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On Its Third Anniversary, A Reminder How DACA Changed Lives and Electoral History

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Yesterday was the three year anniversary of the announcement of the Deferred Action for Childhood Arrivals (DACA) program for Dreamers.  As several pieces reflecting on the anniversary highlight, DACA both changed hundreds of thousands of lives and altered the course of the 2012 presidential election.

When the DACA program went into effect, in August 2012, Ezra Klein wrote of a conversation he had with a senior strategist involved with President Obama’s reelection, noting that the official said that, “If the President wins, this official thought that we would look back after the election and pinpoint the day the administration announced their new policy on deportations as the day the election was won … Changing people’s lives is always more effective than another campaign ad.  And this policy is looking like it’s going to change a lot of lives.”

As we gear up for another presidential election cycle – in which support for immigration executive action is one of the clearest distinctions between the parties – the lessons from DACA are important to reflect on and remember:

Here are reminders about how DACA changed lives:

       By Griselda Nevarez

“Belen Sisa has been working full time while attending community college for the past two years building a future that sits on the shaky foundation of a three-year-old immigration program.

Sisa, originally from Argentina, is one of the hundreds of thousands of young immigrants who were able to exit their lives lived illegally in the U.S. and move into a quasi-legal status through the Deferred Action for Childhood Arrivals, or DACA, program begun by presidential executive action.

The new existence has even been dubbed with it’s own name from recipients _ DACAmented.

Since getting approved for DACA, Sisa has been attending Chandler-Gilbert Community College. She’s paid for her tuition of about $250 a class by working at a clothing store and a law firm. She’s now an unpaid intern in the district office of Rep. Ruben Gallego, D-Ariz.

Her next goal is a degree in political science from Arizona State University, where she hopes to transfer. Then, someday, law school.

‘It has changed my life in so many ways,’ Sisa said about DACA. ‘It has given me a lot of confidence and safety. And it has also given me courage to push for more.’”

      By Amanda Sakuma

“In the last three years, Deferred Action for Childhood Arrivals, or DACA, has become deeply ingrained in communities across the country, opening up career paths, educational opportunities, and effectively creating higher wages for more than 664,000 people. Another 244,000 DREAMers have gone on to renew their temporary status and been shielded from deportation.

‘DACA is a model for progress in what immigration now looks like,’ Cristina Jimenez, managing director of the advocacy group United We Dream, said during a conference with reporters Monday. “It has been a huge benefit not only to the immigrant communities and the families directly, but to the entire country.’”

Here’s a reminder about how DACA changed the course of the 2012 election cycle – with potential relevance for 2016:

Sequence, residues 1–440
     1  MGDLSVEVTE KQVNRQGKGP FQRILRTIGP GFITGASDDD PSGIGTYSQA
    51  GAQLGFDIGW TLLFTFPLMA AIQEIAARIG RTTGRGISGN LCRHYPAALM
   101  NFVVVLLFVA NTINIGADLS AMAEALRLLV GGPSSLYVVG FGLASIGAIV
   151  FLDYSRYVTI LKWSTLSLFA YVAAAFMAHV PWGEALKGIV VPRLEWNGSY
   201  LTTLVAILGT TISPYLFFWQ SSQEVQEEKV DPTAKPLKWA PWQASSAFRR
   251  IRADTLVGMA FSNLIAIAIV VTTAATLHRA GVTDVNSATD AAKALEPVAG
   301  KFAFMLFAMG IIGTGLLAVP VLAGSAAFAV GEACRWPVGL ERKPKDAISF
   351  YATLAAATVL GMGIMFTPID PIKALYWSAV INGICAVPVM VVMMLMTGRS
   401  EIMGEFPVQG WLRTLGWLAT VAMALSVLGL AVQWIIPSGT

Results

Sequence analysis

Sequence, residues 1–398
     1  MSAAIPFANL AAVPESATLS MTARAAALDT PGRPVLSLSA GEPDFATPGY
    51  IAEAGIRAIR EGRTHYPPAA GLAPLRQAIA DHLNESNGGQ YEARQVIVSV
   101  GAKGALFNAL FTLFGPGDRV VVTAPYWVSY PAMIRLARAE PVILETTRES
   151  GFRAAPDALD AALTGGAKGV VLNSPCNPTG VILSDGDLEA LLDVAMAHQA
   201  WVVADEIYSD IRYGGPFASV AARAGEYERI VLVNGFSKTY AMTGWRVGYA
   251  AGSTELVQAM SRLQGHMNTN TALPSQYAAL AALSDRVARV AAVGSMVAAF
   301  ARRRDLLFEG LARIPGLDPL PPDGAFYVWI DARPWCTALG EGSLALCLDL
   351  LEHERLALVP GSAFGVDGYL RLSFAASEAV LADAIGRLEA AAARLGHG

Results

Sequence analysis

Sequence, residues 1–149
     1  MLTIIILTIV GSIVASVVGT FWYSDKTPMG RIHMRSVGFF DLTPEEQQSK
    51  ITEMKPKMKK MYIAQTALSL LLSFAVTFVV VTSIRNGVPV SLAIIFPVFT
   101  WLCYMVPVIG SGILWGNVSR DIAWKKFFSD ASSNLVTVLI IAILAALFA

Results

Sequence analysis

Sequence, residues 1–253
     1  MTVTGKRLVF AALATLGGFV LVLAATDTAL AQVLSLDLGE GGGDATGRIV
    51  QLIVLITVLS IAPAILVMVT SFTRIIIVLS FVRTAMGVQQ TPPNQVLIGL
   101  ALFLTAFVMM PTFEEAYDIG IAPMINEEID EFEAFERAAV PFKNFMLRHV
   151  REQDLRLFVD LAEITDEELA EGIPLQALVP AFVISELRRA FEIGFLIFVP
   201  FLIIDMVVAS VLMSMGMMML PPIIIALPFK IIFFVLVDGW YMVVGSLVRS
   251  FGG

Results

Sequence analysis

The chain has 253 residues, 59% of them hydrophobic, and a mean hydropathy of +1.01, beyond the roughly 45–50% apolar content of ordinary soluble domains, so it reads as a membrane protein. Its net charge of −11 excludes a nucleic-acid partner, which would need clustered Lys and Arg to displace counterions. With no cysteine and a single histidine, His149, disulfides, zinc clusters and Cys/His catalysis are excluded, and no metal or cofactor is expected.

By Matt A. Barreto, Thomas F. Schaller and Gary M. Segura

“By early 2012 and the start of the Republican primary contest, President Obama’s re-election team realized the Administration’s decision to move slow on immigration reform had jeopardized his support among Latinos and, consequently, his re-election chances. However, Latino support for Obama immediately surged following his executive action announcement on June 15, 2012.

‘This [DACA] action was a double win for the Obama campaign,’ according to a 2014 research study by political scientists Loren Collingwood, Justin Gross and Francisco Pedraza. ‘First, there was huge Latino support for the decision, and it was immediately reflected in polling numbers for Obama…Second, since the DACA directive announced by the president was an administrative order by an executive agency, Romney had to decide whether, if elected president, he would allow it to continue or halt it.’

Five months later, 75 percent of Latinos voters supported the president at re-election according to the ImpreMedia/Latino Decisions 2012 election poll, and higher still in key swing states like Colorado, Ohio, Nevada and New Mexico. Latino votes provided sufficient support to ensure Obama’s won re-election. On election day, 58 percent of Latino voters said Obama’s DACA policy made them more enthusiastic about voting for Obama, compared to just 6 percent who were less enthusiastic –a plus-52 favorable margin on election day! A simple tally of votes the day after election day 2012 proved that Latino voters provided Obama with his national margin of victory.

While DACA’s primary, real-world policy legacy is the dramatic relief it provided to these young immigrants, President Obama’s DACA announcement three years ago today also reshaped the national political debate on immigration, and particularly the use of presidential executive action as a solution to legislative gridlock. For Latinos, support for DACA specifically–and the use of unilateral presidential power in immigration politics generally–was on the ballot in 2012 and will be again in 2016.”